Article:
The Postgraduate Certificate of Education (QTS) Modern Languages programme will include the study of subject-based teaching methods as well as the study of broader professional issues. A variety of teaching styles and approaches to learning will be used in the presentation of the themes. These will include University-based lectures, small group seminars and workshops, substantial school-based work with pupils and teachers, and work undertaken individually or with other groups of students.
Our Professional Enquiry course provides breadth and depth of insight across key themes such as learning theories, assessment, equalities, inclusion and teacher health and wellbeing.
Our modules are designed to follow a coherent and cohesive trajectory that will prepare you for your first teaching post. These include modules that focus on working with expert teachers who provide opportunities to practise and receive targeted feedback on core skills, as well as academic assignments that involve making links between practice and recent relevant research.
You will have a personal academic tutor to guide and support you, as well as mentoring in both your placement schools. You will benefit from a specialist programme, working with a subject tutor and peers, developing a professional network which will sustain you into your career.
Two-year Master FLE
The Université Paris Nanterre offers a two-year Master FLE route where the second year is spent undertaking a PGCE in Britain. The credits acquired as part of the PGCE are taken into consideration when awarding the Master FLE (rather than count toward the MA in Teaching Studies). The Master FLE is a popular route and every year we welcome a number of Nanterre students on the PGCE course.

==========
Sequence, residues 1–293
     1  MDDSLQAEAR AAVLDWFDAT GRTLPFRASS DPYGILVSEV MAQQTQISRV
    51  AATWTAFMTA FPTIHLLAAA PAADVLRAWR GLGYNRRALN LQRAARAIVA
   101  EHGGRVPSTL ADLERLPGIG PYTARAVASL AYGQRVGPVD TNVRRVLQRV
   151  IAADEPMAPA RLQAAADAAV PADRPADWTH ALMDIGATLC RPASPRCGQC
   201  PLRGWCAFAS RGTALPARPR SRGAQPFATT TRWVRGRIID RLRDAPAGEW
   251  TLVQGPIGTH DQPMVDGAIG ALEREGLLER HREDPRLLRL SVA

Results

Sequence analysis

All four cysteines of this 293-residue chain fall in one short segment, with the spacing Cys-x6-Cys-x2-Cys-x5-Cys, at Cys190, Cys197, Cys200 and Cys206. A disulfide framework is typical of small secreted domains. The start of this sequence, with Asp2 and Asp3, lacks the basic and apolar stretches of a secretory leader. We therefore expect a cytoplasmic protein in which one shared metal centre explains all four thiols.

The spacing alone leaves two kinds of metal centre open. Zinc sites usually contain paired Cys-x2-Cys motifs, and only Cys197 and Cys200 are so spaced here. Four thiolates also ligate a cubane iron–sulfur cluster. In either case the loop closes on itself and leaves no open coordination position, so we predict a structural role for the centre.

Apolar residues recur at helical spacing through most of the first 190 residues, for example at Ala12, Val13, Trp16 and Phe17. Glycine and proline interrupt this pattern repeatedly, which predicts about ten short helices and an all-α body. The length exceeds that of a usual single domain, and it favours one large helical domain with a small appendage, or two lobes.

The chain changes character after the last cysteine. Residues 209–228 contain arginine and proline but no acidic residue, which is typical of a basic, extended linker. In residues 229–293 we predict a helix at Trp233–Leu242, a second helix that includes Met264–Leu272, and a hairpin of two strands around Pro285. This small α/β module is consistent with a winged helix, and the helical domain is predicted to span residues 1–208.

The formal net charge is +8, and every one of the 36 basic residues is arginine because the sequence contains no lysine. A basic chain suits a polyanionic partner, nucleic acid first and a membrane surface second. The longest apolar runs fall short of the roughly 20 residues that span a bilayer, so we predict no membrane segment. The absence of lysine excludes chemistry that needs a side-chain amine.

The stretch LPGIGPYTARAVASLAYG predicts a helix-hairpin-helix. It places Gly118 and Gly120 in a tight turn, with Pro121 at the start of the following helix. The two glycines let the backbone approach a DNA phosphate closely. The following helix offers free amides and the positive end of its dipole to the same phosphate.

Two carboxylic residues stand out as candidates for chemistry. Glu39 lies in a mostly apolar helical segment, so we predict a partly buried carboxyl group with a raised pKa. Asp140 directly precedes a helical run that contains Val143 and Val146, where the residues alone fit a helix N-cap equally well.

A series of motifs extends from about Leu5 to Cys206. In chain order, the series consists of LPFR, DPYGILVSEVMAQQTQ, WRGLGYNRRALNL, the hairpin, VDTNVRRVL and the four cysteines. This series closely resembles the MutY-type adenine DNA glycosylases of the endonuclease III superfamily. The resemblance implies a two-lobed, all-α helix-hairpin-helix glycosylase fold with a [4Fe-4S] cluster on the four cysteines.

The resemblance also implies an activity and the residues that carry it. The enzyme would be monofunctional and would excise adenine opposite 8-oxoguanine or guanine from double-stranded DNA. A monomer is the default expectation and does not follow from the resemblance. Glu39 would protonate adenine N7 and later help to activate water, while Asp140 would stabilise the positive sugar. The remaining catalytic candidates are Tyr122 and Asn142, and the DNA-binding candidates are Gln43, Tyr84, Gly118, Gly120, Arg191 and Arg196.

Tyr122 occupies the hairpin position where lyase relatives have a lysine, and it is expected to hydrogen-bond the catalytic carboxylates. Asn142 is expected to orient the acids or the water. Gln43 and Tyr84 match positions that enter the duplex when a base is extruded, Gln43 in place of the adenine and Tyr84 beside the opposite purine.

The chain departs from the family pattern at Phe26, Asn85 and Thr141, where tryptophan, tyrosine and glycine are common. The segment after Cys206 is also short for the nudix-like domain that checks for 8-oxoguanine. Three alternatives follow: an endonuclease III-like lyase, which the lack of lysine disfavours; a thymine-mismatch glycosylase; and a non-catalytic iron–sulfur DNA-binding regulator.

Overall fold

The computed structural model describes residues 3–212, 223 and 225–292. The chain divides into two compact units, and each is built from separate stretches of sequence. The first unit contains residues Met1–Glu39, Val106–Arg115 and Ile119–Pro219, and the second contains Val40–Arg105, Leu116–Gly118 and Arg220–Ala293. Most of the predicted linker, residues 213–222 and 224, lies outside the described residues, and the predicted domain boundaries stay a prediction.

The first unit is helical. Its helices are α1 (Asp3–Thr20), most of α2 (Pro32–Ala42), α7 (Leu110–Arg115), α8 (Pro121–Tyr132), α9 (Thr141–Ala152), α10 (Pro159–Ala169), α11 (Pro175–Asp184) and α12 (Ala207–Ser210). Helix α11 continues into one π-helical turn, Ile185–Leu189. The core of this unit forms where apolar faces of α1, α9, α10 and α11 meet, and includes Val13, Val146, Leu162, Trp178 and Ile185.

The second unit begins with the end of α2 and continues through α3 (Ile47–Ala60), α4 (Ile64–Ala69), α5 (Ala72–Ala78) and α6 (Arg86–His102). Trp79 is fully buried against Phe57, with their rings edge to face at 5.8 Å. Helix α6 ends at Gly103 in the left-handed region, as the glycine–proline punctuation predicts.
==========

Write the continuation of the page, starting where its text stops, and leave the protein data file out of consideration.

Living and Studying in Birmingham
Vibrant and diverse, Birmingham is a European centre for retail, commerce and culture. Appropriately, its civic motto is ‘Forward’, and it is its driving ambition and attitude which makes Birmingham a great place to study, work and live.
The Elaine Hurman Prize
Established by John Hurman in memory of his wife, a former student and teacher of Modern Languages, a prize of £200 is awarded annually to a student teacher in Modern Languages for demonstrating particular expertise in eliciting oral responses in the target language in class. Eligible students are nominated by mentors and the successful candidate will be recommended for the prize as a result of their classroom proficiency in the above areas.